- “It’s the biggest (fire) we’ve ever had on this island.”
- Strong winds and generally dry conditions will continue throughout the Hawaiian islands on Tuesday.
- Overall, across the nation Tuesday, 97 large fires were burning over 2,900 square miles in 12 states.
Predicted strong winds could fan the flames of the largest wildfire ever recorded on Hawaii’s Big Island, officials warned Tuesday. The fire forced thousands of people to flee and destroyed two homes over the weekend.
Though the evacuation orders were lifted, authorities said they could be reinstated and that people should be ready to go again.
“It’s the biggest (fire) we’ve ever had on this island,” Big Island Mayor Mitch Roth said of the more than 62-square-mile blaze. “With the drought conditions that we’ve had, it is of concern. You see something like this where you’re putting thousands of homes in danger, it’s very concerning.”
One homeowner said he tried to protect his property but lost the battle as the wind picked up.
“I had a dozer on my lawn, my land, and I tried to make a fire break,” Joshua Kihe of the community of Waimea told Hawaii News Now. He said the fire destroyed his home, but he is planning to rebuild.
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According to the National Weather Service, strong winds and generally dry conditions will continue throughout the Hawaiian islands on Tuesday, which will ease only slightly on Wednesday.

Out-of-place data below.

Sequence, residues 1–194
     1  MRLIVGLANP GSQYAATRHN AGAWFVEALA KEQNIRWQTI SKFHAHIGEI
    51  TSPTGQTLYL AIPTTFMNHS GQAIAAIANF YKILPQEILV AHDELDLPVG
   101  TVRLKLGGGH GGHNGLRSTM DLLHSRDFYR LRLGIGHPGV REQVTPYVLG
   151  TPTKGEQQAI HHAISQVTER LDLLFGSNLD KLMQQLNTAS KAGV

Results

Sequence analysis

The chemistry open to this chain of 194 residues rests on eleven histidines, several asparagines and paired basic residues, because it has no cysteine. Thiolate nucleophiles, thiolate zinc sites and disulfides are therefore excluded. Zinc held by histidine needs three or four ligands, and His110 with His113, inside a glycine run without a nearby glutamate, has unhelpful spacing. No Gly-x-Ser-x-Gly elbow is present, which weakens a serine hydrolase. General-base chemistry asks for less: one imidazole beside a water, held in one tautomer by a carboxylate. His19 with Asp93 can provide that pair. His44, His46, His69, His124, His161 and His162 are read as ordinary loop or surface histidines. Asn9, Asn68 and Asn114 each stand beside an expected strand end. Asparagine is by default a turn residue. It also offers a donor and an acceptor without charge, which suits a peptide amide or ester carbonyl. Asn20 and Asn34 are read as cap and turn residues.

Sustained winds were forecast in the 18 to 20 mph range, and gusts were up to 40 mph.
Fires also continued to burn in the western U.S. Tuesday. California’s Dixie Fire – the state’s largest at 388 square miles – was 35% contained as of Tuesday morning, Cal Fire said. About 45 homes and other buildings have been destroyed in the fire, and another 3,000 remained threatened.
The Bootleg Fire, the nation’s largest at 647 square miles, was 84% contained as of late Monday, though it isn’t expected to be fully under control until Oct. 1.
Overall, across the nation Tuesday, 97 large fires were burning over 2,900 square miles in 12 states, the National Interagency Fire Center said. More than 22,000 wildland firefighters and support personnel were assigned to incidents across the country.
Contributing: The Associated Press